The Beatitudes For Children

True happiness for your children or grandchildren is found in their becoming more and more like the Beatitudes. They must first learn the meaning of each, and then be encouraged to rely on the Holy Spirit to make them meek, merciful, peaceable. Of course, they must take actions to show mercy or to put aside their own desires or to stop their repeated sins. Do you believe this? If so, that should impact how you train and discipline them.

These Beatitudes are also for their comfort and assurance of their salvation. Children need to be equipped to look for these traits in themselves, and then the promise going along with each trait can be made real to them by the Holy Spirit. It is comforting to have hope that you will inherit the earth—or are sons of God—or are in the kingdom of God!

How can you train and discipline them along these lines? I have found it to be largely by talking to them as you go through your daily life (Deut. 6), and by seeing that they are exposed to the right teaching/preaching and experiences. I never lived near my Grandmother, but I still remember talking to her about the Bible and life. The Holy Spirit uses the words and actions of grandparents! Your words as loving parents, and the experiences you insist they have, are also of vital importance. And it is a lot more important than how many sports they participate in!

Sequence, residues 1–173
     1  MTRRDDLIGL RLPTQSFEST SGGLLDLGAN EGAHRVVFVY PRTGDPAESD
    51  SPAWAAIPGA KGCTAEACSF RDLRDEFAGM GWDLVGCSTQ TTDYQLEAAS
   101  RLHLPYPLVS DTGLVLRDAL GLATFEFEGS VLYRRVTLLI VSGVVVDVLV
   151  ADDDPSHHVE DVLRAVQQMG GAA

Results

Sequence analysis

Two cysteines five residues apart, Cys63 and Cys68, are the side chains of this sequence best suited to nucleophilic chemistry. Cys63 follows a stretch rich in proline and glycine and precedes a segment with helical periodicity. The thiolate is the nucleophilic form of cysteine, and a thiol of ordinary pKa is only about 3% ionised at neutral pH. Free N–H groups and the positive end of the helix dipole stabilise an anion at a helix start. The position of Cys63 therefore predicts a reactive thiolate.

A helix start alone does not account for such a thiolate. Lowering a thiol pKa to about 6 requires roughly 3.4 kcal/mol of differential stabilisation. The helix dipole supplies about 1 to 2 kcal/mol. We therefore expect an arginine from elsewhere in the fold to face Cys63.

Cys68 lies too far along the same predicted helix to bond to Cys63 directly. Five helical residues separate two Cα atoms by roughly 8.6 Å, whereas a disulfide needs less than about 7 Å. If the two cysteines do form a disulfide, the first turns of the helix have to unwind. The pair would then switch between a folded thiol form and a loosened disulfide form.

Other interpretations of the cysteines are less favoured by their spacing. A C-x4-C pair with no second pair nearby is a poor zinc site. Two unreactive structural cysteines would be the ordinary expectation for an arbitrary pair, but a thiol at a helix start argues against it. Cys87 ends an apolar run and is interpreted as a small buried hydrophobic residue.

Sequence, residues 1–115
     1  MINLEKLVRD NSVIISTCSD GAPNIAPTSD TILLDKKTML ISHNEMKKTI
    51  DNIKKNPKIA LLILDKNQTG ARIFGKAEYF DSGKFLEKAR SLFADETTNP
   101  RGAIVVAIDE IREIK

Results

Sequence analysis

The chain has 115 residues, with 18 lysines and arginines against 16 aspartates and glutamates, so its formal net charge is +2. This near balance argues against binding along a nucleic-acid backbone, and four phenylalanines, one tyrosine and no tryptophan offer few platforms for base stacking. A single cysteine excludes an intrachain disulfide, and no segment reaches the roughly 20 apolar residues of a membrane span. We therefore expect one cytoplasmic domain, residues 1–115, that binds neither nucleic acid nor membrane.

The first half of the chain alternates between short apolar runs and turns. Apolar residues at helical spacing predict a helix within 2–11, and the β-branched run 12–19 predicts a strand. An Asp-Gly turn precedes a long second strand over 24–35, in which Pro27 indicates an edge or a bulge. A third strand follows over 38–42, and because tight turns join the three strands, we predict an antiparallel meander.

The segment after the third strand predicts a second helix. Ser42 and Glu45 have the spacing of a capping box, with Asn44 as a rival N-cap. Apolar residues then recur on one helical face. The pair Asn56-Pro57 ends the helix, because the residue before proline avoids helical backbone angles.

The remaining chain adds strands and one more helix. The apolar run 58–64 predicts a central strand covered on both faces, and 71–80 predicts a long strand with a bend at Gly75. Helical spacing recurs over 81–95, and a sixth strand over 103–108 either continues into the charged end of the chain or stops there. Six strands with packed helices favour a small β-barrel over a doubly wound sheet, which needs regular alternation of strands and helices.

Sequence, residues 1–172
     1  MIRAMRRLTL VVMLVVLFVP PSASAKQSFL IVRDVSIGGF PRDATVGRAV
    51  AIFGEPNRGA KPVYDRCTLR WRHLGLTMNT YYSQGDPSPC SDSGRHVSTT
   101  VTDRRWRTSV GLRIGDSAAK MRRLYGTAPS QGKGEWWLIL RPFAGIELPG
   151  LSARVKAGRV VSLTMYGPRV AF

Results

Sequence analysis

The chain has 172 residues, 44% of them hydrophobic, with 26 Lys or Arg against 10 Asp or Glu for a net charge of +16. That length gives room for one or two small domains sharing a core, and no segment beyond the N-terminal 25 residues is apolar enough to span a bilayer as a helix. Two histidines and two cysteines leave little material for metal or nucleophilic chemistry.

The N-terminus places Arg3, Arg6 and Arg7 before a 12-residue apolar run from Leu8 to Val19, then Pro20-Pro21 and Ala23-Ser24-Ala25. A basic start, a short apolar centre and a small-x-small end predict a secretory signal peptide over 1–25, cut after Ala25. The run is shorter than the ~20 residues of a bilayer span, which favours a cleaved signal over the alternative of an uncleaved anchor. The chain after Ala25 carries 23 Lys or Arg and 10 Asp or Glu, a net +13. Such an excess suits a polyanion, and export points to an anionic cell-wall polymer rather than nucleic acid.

SEVEN TEACHING TECHNIQUES

1. Train them to look at our Lord Jesus Christ and think about what He is like. Ask the right questions. One way I do this with my grandchildren is to talk to them often about what they see in nature. Children love to explore their world up close. What did you find today that reminds you of how great, how creative our God is? Ingrain in them from their earliest days that God is the Creator of them and all things. “Who made you?” “What else did God make?” It is out of this they will begin to become poor in spirit as they see themselves as nothing in comparison with God. Then later, as they are confronted with the Ten Commandments and learn through experience about their own sin, true poverty of spirit will result if the LORD blesses it. Next, you should make sure they hear the truth about biblical assurance: that as they see this fruit of the Spirit developing in their lives, they can rest in the promise of “theirs is the kingdom of heaven.”